Prairie strips is a farmland conservation practice. The STRIPS team has shown that integrating small amounts of prairie into strategic locations within corn and soybean fields -- in the form of in-field contour buffer strips and edge-of-field filter strips -- can yield disproportionate benefits for soil, water, and biodiversity. Prairie is expected to provide these disproportionate benefits to a greater degree than other perennial vegetation types because of the diversity of native plant species incorporated, their deep and multilayered root systems, and their stiff-stems that hold up in a driving rain. STRIPS research also shows that prairie strips may be one of the most affordable and environmentally beneficial agricultural conservation practices available.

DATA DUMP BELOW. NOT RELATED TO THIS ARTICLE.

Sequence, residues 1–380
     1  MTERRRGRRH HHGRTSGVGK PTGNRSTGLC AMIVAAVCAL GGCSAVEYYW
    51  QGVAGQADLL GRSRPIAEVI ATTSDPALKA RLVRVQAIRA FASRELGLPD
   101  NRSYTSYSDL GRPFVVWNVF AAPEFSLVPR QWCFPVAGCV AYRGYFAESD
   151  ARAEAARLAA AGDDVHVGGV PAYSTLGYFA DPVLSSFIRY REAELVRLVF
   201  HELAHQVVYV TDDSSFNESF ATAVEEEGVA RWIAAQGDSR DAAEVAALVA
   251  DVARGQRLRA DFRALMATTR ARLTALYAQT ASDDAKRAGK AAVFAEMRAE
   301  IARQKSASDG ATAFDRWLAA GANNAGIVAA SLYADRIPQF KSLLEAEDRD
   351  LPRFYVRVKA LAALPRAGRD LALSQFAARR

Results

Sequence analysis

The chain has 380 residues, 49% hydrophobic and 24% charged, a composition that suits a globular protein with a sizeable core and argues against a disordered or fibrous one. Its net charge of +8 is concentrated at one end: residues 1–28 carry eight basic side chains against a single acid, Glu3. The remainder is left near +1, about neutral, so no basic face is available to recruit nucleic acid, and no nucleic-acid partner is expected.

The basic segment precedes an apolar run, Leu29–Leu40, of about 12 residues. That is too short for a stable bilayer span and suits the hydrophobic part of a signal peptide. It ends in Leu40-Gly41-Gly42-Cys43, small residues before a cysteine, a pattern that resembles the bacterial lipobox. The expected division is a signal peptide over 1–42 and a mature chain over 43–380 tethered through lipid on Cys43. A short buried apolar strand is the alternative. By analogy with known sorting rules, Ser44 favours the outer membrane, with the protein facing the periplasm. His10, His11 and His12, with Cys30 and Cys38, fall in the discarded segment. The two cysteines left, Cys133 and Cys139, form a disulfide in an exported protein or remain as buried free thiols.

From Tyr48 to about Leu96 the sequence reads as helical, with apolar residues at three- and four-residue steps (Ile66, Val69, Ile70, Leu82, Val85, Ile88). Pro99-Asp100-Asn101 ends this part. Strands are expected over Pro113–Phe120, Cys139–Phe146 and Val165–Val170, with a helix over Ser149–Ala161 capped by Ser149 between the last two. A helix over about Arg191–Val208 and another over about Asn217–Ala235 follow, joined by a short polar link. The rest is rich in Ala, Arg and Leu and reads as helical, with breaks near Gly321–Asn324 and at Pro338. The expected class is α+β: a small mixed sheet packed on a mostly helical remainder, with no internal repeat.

As all farmers know, not every acre of land produces the same yield. A similar idea applies to conservation: some areas of a field or landscape yield higher conservation benefits than others. By targeting those areas that have a high conservation value, farmers and landowners can gain disproportionate environmental benefits. Research shows that by converting 10% of a crop-field to diverse, native perennial vegetation, farmers and landowners can reduce sediment movement off their field by 95 percent and total phosphorous and nitrogen lost through runoff by 90 and 85 percent, respectively.